70 Groups Tell Obama: Don’t Restrict GMO Labeling in Trade AgreementsOctober 3rd, 2014
Consumer rights on the table in US-EU trade talks
Institute for Agriculture and Trade Policy
by Andrew Ranallo
Seventy consumer, farm and food groups, and businesses (including The Cornucopia Institute) urged the Obama Administration in a letter not to restrict efforts to label genetically modified foods in the ongoing and secret U.S.-EU trade talks.
Through negotiations on the Transatlantic Free Trade Agreement (TAFTA) with the European Union, the U.S. Trade Representative seeks to establish common regulations covering consumer protections, and has targeted the European Union’s regulations of genetically modified foods, which includes consumer labeling. U.S. and EU agribusiness firms have been open about their desire to eliminate GMO labeling laws under TAFTA—including the rising number of U.S. states moving to require GMO labeling.
“Once again, the USTR is working to give corporations their TAFTA-created ‘rights’ to violate the rights and wishes of people to know what is in their food,” said Dena Hoff, VP of the National Family Farm Coalition. “GMO labeling is desired by at least three of every four consumers; it is time for the USTR to respect the sovereignty of nations and the desires of the people who live in them instead of telling consumers to ‘eat and shut up, or else.’”
The groups expressed concerns that a TAFTA chapter called “technical barriers to trade” would limit governments’ ability to maintain or establish product labels for consumers. This year, Vermont was the first state to pass required GMO labeling without any restrictions. Maine and Connecticut passed GMO labeling laws last year contingent on neighboring states also passing GMO labeling laws. More than 20 states are also considering laws, including major GMO labeling initiatives on the ballot in Colorado and Oregon this fall.
“The push to ‘harmonize’ standards in TAFTA could undermine many important efforts by states to raise the bar on food safety, labeling or other efforts to rebuild our food system so it works for farmers and consumers,” said the Institute for Agriculture and Trade Policy’s Karen Hansen-Kuhn. “We need to encourage those innovative, citizen-led approaches, not limit them to what trade bureaucrats deem is acceptable.”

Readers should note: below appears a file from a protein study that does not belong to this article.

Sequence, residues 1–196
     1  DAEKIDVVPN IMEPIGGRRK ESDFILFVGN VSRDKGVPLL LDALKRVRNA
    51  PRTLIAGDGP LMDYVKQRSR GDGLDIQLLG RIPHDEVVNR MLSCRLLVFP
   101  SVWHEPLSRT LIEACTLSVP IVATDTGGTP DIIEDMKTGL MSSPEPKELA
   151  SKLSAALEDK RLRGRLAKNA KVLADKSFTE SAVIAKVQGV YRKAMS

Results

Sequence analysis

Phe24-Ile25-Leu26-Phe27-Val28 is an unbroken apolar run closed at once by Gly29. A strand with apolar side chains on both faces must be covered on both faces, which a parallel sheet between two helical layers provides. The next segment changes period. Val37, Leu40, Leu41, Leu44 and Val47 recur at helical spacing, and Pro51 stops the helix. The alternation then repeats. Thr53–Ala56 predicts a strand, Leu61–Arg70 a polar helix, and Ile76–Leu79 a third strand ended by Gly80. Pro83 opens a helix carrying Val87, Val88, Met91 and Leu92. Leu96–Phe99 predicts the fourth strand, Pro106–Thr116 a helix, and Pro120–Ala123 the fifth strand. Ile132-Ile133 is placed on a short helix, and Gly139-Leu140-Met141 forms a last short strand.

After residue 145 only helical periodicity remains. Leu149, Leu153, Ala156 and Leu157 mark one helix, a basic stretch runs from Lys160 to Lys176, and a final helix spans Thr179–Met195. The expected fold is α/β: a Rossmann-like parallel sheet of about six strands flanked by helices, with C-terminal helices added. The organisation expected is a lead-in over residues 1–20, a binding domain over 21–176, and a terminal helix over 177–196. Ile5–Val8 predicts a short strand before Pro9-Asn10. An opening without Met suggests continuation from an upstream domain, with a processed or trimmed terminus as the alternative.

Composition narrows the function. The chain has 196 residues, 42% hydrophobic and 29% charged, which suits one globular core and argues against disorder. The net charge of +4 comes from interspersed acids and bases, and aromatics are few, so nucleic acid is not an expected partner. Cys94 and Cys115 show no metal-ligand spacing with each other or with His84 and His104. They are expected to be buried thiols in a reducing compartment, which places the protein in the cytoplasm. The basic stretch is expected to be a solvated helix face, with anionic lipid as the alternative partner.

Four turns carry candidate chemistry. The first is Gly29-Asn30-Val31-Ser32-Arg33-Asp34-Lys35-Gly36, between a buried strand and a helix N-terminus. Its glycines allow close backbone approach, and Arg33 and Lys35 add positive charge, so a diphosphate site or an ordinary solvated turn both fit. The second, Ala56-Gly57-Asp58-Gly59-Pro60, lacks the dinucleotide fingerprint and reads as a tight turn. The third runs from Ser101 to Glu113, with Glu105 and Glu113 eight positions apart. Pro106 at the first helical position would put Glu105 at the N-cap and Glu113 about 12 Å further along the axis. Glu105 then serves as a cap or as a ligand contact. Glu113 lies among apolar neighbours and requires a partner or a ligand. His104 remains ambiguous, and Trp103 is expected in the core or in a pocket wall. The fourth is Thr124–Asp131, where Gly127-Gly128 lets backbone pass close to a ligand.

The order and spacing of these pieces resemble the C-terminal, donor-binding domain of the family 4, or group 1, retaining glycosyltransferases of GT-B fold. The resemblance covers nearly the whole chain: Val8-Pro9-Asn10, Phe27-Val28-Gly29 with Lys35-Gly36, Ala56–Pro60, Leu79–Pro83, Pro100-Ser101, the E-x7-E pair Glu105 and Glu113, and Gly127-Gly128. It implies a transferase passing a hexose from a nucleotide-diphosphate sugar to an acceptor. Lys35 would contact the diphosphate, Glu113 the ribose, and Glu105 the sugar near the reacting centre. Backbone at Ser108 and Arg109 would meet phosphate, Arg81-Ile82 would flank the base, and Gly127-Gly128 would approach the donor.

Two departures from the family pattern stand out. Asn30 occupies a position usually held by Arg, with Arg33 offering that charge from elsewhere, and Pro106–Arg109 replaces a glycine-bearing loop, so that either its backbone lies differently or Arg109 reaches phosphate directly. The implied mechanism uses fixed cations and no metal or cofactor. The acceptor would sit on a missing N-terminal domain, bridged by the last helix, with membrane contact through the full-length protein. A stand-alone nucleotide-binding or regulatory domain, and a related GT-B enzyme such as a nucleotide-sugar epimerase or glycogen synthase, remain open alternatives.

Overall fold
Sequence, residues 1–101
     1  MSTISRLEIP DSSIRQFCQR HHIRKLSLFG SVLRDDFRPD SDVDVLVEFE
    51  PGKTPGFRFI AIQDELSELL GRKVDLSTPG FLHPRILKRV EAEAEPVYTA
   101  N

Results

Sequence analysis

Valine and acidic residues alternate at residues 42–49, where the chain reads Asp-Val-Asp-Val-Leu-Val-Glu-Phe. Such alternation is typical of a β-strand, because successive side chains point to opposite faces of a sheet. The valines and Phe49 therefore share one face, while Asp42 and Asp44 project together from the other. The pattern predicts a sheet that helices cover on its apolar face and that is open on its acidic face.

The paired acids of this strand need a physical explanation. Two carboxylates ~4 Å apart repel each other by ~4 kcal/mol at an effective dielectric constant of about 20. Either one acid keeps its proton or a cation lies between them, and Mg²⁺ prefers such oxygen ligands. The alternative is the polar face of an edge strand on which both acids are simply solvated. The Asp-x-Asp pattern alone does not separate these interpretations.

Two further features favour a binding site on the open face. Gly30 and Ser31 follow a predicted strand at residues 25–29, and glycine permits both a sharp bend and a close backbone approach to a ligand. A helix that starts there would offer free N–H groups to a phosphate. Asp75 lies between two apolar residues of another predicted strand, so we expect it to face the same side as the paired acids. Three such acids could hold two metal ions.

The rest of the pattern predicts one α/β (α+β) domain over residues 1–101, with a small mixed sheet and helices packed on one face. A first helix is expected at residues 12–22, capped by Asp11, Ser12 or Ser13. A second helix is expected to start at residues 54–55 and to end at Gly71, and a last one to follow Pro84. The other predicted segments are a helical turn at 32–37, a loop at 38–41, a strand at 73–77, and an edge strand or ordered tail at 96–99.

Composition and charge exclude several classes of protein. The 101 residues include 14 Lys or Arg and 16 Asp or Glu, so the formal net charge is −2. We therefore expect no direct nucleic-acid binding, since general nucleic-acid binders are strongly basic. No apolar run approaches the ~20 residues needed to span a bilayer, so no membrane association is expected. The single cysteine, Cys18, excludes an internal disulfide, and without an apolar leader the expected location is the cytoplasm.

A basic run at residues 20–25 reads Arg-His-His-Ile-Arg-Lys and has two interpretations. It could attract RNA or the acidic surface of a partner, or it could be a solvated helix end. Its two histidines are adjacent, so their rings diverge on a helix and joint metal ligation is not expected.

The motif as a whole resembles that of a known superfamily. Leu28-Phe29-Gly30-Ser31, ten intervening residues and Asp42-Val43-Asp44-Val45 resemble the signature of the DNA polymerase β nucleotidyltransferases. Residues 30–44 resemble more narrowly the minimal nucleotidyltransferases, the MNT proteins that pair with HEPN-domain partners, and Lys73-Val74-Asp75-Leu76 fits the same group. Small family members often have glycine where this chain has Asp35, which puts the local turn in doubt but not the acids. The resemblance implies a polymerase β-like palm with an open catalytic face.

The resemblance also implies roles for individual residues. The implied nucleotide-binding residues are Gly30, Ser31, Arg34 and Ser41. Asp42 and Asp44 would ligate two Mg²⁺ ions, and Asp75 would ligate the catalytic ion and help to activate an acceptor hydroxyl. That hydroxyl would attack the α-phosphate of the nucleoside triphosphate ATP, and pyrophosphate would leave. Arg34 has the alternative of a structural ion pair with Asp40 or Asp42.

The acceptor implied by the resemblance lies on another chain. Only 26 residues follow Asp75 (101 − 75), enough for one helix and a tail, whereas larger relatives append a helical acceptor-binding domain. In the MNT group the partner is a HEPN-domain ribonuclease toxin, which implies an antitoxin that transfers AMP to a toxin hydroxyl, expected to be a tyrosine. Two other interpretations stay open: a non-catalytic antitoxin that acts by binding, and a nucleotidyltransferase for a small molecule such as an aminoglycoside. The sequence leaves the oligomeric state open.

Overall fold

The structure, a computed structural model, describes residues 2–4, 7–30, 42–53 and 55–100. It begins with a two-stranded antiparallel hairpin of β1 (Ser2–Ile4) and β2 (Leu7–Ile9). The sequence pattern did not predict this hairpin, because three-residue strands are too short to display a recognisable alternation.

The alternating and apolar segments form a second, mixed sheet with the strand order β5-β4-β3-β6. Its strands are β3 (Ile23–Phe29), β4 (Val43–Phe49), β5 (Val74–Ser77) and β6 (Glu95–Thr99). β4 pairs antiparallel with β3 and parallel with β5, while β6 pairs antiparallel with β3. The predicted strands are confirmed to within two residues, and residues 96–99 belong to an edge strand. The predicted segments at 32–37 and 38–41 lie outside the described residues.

The Obama Administration has prioritized corporate rights within the negotiations, including the highly controversial Investor-State provision, which grants corporations the right to use secret tribunals to challenge state, local or national laws they view as potentially limiting to expected future profits. Past investor-state cases have targeted regulations on toxic waste, land use rules and water and timber policies. The Grocery Manufacturers Association is already suing the state of Vermont under U.S. law to challenge GMO labeling. TAFTA rules would provide the GMA with another legal tool to attack U.S. laws.
“By requiring labeling the food industry will become more transparent, which leads to greater accountability to a wide range of stakeholders,” said Richard Eidlin, at the American Sustainable Business Council. “Labeling, as we have seen from cigarettes, alcohol and many other consumer products, helps to protect the public as well as foster greater business competition and innovation.”
The negotiating text for TAFTA remains secret, with only parts of drafts being leaked to the public. The groups called on the U.S. and EU to make the negotiating text public—and pledged to oppose any deal that undermines consumer’s right to know what is in the food they purchase and feed their families.